The Cliff’s Gaze departs from a nineteenth century painting by an unknown artist, which hung in my great-grand father’s desk in Valparaiso, Chile. The painting depicts a romantic view of a cliff in Robinson Crusoe, an island that belongs to Archipelago Juan Fernandez, 670km west of San Antonio, Chile in the South Pacific Ocean. The archipelago was formed by ancient lava built though seismic episodes, with steep, rugged mountain ranges with deep peaks and practically no flat areas. The islands are sixty-one times richer in endemic plant species per square kilometer and thirteen times greater in endemic bird richness than the Galápagos. However, is one of most ecologically vulnerable ecosystems in the world due to invasive species that are destroying native plant and animal populations.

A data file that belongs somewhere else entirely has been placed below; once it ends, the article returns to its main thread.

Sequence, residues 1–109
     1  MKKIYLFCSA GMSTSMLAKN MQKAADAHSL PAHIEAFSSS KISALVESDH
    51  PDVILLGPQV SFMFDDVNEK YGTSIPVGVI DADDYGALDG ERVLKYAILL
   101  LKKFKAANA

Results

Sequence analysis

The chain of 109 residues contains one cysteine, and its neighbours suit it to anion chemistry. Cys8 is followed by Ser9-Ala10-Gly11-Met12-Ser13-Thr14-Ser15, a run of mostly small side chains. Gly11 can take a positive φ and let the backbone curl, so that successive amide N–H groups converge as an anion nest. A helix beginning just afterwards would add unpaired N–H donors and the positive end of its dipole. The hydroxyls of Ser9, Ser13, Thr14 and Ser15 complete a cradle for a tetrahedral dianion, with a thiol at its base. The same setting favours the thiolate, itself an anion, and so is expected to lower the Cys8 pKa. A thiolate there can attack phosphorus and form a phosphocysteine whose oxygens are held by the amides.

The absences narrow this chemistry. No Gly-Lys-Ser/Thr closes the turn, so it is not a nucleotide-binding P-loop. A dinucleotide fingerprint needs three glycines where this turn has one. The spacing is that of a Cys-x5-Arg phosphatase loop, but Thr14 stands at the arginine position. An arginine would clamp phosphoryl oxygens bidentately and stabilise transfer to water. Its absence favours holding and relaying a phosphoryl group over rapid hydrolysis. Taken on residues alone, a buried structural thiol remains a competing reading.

William Defoe 'The Life and Strange Surprising Adventures of Robinson Crusoe, of York, Mariner: Who lived eight and twenty years alone in an uninhabited island, on the coast of America, near the mouth of the great river Oroonoque; having been cast on Shore by Shipwreck, wherein all the Men perished but himself. With An Account how he was at last as strangely delivered by Pirates' London, Printed for J. F. and C. Rivington, 1791
The Cliff’s Gaze draws upon a series of historical narratives witnessed from and beyond the cliff: The adventures of scot sailor Alexander Selkirk who was marooned between 1704-1709; the fictional character of Crusoe and his handsome aboriginal subordinate Friday; the tales of seventeenth century pirates and eighteenth century buccaneers; the sinking of German cruiser SMS Dresden on 14 March 1915 by British forces; and the three tsunamis that have devastated the island.